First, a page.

Because of the sensitive nature of the data collected for this study, requests to access the CARES (Cardiac Arrest Registry to Enhance Survival) data set from qualified researchers meeting the CARES data use criteria may be sent to CARES at [email protected]. All exposure data have been made publicly available at the National Oceanic and Atmospheric Administration's (NOAA's) Hazard Mapping System (HMS) Archive and can be accessed at

Health and Population Data

Reports of OHCA from January 1, 2015, to December 31, 2017, were provided by CARES, a surveillance data set from EMS and hospital providers designed to improve survival. In 2004, the Centers for Disease Control and Prevention (CDC) established CARES in collaboration with the Department of Emergency Medicine at the Emory University School of Medicine. CARES is operated on a national scale in 42 states, with a catchment of more than 130 million people.39 CARES collects reports of OHCAs treated by EMS, excluding patients dead on EMS arrival to the scene or with do‐not‐resuscitate directives. Incident reports, including demographic, medical, and survival outcome data, are informed by EMS assessments and bystander reports and hospital outcome measures.
We obtained local permissions for receiving deidentified data from 14 California counties participating in CARES during 2015–2017 with wildfires of large size (≥50 000 acres burned) or long duration (≥50 days) within or neighboring the county during the study period: Alameda, Amador, Calaveras, Contra Costa, Mariposa, Mendocino, Napa, San Francisco, San Luis Obispo, San Mateo, Santa Barbara, Sonoma, Stanislaus, and Ventura Counties. Two counties only participated in CARES during part of the study period (Alameda County, 2016–2017; San Luis Obispo County, 2017). Counties encompass urban and rural areas across Northern, Central, and Southern California (Figure 1).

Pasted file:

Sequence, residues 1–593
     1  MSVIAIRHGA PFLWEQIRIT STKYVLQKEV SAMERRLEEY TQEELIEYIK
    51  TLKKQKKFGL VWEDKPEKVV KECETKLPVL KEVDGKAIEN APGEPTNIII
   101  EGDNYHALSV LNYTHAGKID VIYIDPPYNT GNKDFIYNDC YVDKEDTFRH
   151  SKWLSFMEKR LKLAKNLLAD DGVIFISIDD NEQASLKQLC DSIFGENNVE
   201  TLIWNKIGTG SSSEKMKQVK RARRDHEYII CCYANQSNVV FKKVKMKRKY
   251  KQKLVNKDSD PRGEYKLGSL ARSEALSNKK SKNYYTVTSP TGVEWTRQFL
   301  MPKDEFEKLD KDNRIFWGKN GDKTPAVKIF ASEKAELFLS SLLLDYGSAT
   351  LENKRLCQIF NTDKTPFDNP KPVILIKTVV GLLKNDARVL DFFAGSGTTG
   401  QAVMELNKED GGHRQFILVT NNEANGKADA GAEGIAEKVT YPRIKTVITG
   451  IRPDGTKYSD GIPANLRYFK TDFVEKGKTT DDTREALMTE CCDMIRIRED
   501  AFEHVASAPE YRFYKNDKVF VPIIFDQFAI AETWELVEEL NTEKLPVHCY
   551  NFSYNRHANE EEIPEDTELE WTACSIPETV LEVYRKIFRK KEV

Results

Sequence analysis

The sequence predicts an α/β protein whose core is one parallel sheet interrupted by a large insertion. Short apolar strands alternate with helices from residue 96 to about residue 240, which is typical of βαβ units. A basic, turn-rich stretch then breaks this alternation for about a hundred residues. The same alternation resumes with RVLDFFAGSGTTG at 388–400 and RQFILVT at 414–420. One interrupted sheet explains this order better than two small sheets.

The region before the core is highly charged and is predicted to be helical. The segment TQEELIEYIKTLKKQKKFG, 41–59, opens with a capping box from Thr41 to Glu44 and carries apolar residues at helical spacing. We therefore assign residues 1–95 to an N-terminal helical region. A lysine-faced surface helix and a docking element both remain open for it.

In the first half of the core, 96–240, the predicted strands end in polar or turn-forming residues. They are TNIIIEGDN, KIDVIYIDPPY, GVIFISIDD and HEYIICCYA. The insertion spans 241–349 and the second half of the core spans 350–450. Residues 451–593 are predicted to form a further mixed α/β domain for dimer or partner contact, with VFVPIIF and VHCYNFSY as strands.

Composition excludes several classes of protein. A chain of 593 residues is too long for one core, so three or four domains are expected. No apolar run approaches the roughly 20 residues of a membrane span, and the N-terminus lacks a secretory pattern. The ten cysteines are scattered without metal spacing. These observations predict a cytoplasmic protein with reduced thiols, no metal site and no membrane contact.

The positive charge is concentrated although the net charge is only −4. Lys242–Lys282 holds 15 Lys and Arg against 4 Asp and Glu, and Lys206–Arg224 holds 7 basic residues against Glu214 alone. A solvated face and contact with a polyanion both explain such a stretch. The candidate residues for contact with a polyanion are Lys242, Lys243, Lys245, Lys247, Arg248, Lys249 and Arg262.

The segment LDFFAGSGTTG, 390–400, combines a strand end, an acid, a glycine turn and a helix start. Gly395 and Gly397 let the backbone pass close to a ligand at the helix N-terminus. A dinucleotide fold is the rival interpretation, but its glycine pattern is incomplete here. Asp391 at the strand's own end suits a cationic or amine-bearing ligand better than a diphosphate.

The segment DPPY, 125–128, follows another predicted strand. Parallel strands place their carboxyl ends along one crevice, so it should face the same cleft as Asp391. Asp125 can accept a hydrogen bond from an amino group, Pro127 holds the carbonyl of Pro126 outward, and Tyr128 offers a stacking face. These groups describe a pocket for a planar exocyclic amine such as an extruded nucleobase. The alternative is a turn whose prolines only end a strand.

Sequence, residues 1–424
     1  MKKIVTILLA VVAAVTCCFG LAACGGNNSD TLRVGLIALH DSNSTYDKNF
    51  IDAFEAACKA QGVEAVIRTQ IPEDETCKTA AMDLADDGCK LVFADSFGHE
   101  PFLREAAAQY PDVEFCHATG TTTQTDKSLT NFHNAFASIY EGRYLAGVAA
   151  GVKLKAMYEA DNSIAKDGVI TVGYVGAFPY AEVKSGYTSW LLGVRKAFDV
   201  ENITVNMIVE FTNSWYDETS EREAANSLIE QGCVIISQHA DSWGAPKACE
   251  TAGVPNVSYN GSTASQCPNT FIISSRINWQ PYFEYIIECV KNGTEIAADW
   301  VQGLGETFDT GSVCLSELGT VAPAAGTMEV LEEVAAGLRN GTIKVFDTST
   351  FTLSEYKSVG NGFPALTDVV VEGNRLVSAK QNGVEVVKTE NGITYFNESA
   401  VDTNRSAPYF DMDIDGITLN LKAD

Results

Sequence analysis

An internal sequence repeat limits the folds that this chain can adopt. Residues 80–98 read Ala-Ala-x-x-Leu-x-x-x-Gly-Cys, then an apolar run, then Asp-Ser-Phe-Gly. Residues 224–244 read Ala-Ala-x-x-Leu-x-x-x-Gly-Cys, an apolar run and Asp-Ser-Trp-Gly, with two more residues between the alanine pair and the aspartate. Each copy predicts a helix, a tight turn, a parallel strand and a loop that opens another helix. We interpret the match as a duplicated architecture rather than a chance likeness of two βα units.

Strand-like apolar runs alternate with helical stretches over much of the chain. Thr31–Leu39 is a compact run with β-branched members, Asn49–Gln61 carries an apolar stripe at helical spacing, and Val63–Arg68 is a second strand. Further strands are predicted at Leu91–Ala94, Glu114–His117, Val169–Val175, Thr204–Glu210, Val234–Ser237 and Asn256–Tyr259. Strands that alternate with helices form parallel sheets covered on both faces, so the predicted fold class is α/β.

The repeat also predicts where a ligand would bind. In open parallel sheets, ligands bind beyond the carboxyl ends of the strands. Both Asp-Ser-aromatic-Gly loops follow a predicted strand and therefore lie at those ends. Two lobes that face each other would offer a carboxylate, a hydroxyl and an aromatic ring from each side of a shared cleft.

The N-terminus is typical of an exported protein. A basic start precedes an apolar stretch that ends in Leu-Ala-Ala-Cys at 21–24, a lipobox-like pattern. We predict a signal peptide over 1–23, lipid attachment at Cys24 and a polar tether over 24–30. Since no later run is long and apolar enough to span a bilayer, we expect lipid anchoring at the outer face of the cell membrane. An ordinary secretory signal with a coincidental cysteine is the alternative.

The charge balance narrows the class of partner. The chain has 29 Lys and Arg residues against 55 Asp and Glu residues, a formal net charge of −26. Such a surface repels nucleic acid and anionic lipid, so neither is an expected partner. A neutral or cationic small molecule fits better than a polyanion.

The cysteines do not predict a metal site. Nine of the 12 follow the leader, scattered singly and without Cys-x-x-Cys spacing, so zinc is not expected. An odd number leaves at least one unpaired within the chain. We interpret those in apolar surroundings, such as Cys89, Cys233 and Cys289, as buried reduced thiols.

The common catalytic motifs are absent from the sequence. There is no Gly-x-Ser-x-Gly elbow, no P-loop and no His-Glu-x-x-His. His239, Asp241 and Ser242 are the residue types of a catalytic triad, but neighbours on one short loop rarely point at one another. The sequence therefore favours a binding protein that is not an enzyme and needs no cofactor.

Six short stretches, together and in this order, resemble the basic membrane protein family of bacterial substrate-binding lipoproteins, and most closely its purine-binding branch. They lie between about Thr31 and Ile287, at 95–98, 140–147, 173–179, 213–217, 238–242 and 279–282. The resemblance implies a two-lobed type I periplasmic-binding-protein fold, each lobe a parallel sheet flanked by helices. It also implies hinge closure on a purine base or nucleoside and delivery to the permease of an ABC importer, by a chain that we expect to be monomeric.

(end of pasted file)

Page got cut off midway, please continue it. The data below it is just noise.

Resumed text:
Figure 1. Map of the 14 California counties in the study region showing the number of smoke days in each county, 2015–2017, based on the National Oceanic and Atmospheric Administration's Hazard Mapping System wildfire smoke plume products.
We only included cases of OHCA of presumed cardiac or respiratory/asphyxia pathogenesis and people 19 years and older. We restricted the analysis to the primary wildfire months, May to October (5336 of the 12 548 OHCA cases). Cases with origins attributed to other causes, such as drowning, trauma, overdose, or electrocution, were excluded. The address of the OHCA event defined the location of the case. We assigned census tract SES indicators using 2017 poverty data from the US Census American Community Survey 5‐year estimates. We created a dichotomous variable of lower and higher SES using the federal definition of a poverty area; thus, census tracts with at least 20% of people living below the poverty level were indicated as lower SES.